Posts tagged reading
Posts tagged reading
This “book movement” is going to be off the chain. Get it did.
After a supes- long book relationship (THE ART OF FIELDING by Chad Harback) am doing hot, quick, dirty hookups with short books on blog today- THE GETAWAY CAR by Ann Patchett, WE THE ANIMALS by Justin Torres, and THE INFLUENCING MACHINE by Brooke Gladstone. Get it did!
Today’s Book Boyfriend- THE ASTRAL by Kate Christensen. And I invent a new literary school of thought. BAMB!
KRAKEN by China Mieville is my book boyfriend this week! We have such literary urban fantasy good times!
New Book Girlfriend! THE STONE DIARIES by Carol Shields. This book made me cry an ocean, a river, and a lake- get on it!
“When I am working on a book or a story I write every morning as soon as the first light as possible. There is no one to disturb you and it is cool or cold and you come to your work and warm as you write. You read what you have written and, as you always stop when you know what is going to happen next, you go on from there. You write until you come to a place where you still have your juice and know what will happen next and you stop and try to live through until the new day when you hit it again. You have started at six in the morning and may go until noon or be through before that. When you stop you are as empty, and at the same time never empty but filling, as when you have made love to someone you love. Nothing can hurt you, nothing can happen, nothing means anything until the next day when you do it again. It is the wait until the next day that is hard to get through.”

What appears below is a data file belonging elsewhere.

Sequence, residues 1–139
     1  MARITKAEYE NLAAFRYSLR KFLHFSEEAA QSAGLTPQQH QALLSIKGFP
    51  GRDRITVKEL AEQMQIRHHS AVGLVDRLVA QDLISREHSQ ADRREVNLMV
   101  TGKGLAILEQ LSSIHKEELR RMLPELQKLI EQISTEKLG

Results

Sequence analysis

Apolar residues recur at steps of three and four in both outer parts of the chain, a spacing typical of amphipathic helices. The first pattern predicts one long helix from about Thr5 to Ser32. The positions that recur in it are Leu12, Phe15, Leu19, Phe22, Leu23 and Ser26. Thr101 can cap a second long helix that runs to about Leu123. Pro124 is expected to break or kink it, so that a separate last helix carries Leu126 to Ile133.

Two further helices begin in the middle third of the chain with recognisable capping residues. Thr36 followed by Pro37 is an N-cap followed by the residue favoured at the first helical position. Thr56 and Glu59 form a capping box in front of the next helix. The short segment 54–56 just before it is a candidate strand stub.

-Ernest Hemingway, Paris Review, 1958
Today’s blog is about how much I love non-fiction about Intrepid Girl Reporters Documenting Their Adventures While in Nuts-Crazy Far-Flung Locales. En-yoy!
“Call it precious and go to hell, but I believe a story can be wrecked by a faulty rhythm in a sentence-especially if it occurs toward the end- or a mistake in paragraphing, even punctuation. Henry James is the maestro of the semicolon. Hemingway is a first-rate paragrapher. From the point of view of ear, Virginia Woolf never wrote a bad sentence. I don’t mean to imply that I successfully practice what I preach. I try, that’s all.”
“There’s a hell of a difference between wisecracking and wit. Wit has truth in it; wisecracking is just calisthenics with words.”